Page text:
Getting Passionate about Caramels
|The master at work, not me|
The name Rococo for me conjures up images of sophisticated but slightly quirky chocolate luxury; a company steered by a woman who is thoroughly immersed in the world of fine chocolate. Chantal Coady is a name to be revered, she understands chocolate like few others. She is a chocolate pioneer and when she founded Rococo back in 1983, most of us in the UK had no idea what real chocolate was. Real Chocolate written by Chantal in 2003 was one of the first chocolate books I ever owned; reading the background and history of this most wonderful of substances, got me hooked (if it was possible to be even more hooked than I already was).
Rococo have teamed up with the kitchen expert Magnet to make a number of exquisite chocolates in one of their kitchens and have produced videos to show us how it’s done. In this YouTube video, principal chocolatier Barry Johnson makes Passion Fruit and Rosemary Caramels in the Integra White range at the Magnet Kensington Showroom. It’s an eleven minute step by step guide showing how to produce elegant chocolates including essential techniques such as how to use a mould, make caramel and those all-important finishing touches that delight the eye.
The flavours of passionfruit and rosemary had my mouth watering as soon as I heard about them. I adore passionfruit and when it is combined well with chocolate, it’s a real treat. The addition of the robust earthiness of rosemary is a great balancer to the fruity, tangy sweetness of the passionfruit. I had to have a go. As the video didn’t include quantities, I took an educated guess and the caramels worked out fine. I was only able to find one passionfruit, which wasn’t really enough, so I ended up with only eight caramels and some leftover tempered chocolate. For the 100g of dark chocolate couverture I used, a double quantity of the passionfruit and rosemary caramel would have been perfect, making sixteen large chocolates instead of only eight.
Following the video, but with a few tweaks to adapt to what I had in the kitchen, this is how I made:
Passionfruit and Rosemary Caramel Chocolates
- Using a paintbrush, lightly dusted chocolate moulds with silvery gold glitter as I didn’t have the means for Barry’s method.
- Tempered 100g of Costa Rica origin 71% dark chocolate.
- Coated the sides and bottoms of 16 chocolate moulds (I was being hopeful and only had enough filling for 8). Left to set.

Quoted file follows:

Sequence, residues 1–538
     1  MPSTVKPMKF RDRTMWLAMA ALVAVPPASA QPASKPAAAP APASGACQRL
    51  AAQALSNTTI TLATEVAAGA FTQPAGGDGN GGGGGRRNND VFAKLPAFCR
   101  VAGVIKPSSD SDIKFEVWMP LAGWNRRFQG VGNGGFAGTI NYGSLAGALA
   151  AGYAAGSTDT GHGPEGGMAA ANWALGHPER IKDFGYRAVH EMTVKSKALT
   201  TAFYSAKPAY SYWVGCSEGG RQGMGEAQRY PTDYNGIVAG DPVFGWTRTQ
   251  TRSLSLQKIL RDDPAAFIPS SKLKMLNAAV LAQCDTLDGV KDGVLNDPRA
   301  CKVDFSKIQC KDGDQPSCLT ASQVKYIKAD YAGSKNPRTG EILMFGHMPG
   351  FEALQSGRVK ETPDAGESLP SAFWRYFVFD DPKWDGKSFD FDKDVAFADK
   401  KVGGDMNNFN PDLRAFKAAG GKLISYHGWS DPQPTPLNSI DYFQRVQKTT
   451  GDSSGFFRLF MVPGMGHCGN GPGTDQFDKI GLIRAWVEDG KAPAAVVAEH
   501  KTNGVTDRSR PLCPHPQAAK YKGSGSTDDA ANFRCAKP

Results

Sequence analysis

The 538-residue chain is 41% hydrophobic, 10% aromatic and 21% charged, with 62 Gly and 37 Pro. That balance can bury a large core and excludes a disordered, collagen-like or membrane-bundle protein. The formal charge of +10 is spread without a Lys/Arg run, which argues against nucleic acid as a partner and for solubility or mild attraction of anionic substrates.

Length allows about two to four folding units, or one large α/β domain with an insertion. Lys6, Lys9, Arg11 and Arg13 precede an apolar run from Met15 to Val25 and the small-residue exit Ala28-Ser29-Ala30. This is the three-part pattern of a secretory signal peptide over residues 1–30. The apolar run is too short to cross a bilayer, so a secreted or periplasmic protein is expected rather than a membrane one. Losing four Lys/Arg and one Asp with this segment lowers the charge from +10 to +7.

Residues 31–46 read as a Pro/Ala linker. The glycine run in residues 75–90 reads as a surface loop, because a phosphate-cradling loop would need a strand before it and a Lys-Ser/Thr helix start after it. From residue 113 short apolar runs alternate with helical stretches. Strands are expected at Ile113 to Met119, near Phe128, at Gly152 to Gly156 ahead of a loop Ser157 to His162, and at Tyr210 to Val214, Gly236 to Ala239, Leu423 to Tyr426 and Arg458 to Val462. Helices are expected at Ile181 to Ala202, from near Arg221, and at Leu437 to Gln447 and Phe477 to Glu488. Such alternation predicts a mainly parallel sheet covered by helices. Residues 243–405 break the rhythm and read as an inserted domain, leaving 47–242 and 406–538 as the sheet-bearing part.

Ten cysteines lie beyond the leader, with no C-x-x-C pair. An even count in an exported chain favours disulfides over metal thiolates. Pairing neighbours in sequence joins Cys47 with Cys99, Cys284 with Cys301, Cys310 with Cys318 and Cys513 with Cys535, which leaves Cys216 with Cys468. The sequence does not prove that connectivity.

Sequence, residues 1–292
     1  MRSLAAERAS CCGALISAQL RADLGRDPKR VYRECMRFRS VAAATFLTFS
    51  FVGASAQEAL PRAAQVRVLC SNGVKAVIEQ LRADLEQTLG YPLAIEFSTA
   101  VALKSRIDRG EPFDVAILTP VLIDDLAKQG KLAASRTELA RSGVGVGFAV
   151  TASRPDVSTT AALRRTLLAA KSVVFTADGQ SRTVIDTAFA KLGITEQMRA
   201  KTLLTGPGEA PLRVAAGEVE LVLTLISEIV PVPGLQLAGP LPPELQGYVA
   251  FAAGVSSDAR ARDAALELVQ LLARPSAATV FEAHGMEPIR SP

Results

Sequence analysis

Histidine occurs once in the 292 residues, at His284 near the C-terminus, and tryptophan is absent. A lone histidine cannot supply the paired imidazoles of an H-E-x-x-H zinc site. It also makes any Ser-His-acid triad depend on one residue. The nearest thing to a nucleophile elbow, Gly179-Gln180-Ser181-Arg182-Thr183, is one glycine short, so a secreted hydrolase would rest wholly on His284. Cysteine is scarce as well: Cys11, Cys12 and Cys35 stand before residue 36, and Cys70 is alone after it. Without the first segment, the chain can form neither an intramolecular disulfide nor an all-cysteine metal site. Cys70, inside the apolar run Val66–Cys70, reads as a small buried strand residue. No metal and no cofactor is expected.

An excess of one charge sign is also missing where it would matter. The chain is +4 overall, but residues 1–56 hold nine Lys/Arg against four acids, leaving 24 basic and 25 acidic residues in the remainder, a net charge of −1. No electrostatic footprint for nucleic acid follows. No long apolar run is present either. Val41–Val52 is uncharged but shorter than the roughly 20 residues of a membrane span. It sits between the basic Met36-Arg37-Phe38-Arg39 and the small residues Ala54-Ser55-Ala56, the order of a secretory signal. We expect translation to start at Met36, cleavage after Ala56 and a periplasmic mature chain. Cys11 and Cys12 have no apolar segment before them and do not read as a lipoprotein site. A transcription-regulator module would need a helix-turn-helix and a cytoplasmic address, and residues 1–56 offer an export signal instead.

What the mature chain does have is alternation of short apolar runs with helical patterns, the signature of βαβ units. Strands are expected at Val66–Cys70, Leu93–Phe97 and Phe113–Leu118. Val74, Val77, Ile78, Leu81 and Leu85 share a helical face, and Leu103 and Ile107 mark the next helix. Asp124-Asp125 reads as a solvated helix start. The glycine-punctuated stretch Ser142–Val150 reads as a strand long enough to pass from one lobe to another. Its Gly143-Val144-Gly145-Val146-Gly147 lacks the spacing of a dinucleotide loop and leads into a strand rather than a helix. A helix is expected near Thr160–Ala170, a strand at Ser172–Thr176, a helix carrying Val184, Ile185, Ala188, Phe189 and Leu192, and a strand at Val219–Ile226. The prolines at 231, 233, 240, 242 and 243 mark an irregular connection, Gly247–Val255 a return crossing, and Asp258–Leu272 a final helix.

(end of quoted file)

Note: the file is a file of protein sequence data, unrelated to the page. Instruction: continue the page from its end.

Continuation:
- Pressed the insides of 1 large passionfruit through a sieve into a small pan.
- Added 1 tsp of glucose syrup and a few needles of freshly picked and washed rosemary.
- Heated over a low temperature until warm, then left to infuse for an hour.
- Heated a heavy bottomed pan over a medium to high heat, then poured in 50g golden granulated sugar. Left to caramelise and turn a light reddish brown.
- Removed from the heat and stirred in the passionfruit, mixing vigorously as I did so.
- Added 15g of unsalted butter, followed by 25g of a good 41% milk chocolate and mixed until smooth.
- Left to cool, then spooned into the moulds, leaving a 2mm gap at the top.
- Left for a couple of hours to set.
- Topped the moulds with the liquid tempered chocolate and left to set.
- Removed with great care.
|My attempt at cutting neatly in half|
My chocolates may not have been as accomplished as Barry Johnson, but I was impressed with the results. The chocolate was tempered, with a good snap and a beautiful shine. In fact they were so shiny, they were virtually impossible to photograph. The chocolate was a high quality bar of Costa Rica origin 71% that I picked up at the Waterford Food Festival and it tasted delicious – rich and fruity but with no bitterness. The caramel was exquisite. It had a smooth soft texture and the flavours of sweet tart passionfruit, a hint or rosemary and rich chocolate melded perfectly. One of the points Barry mentions in the video is to be careful the caramel is well sealed by the chocolate as you don’t want it to leak out. I not only managed this, but also achieved a thin chocolate shell so the caramel was enhanced rather than overwhelmed.
So if you’re planning on holding a dinner party or need something special to wow friends and family, why not try making these mouth-watering Passion Fruit & Rosemary Caramels. Even if you don’t, watch the video anyway – it’s so interesting to see the process and watch a top chocolatier at work in a clean and tidy kitchen.
This is a sponsored post. I was not asked to write a positive review and as always any opinions expressed are my own.
As these chocolates contain a caramel flavoured with fresh rosemary, I am entering them into Karen’s Cooking with Herbs over at Lavender and Lovage. Mediterranean herbs are this month’s theme.
With rosemary being a Mediterranean herb, I am also sending this off as a posh Tea Time Treat to Janie over at The Hedgecombers and Karen over at Lavender and Lovage.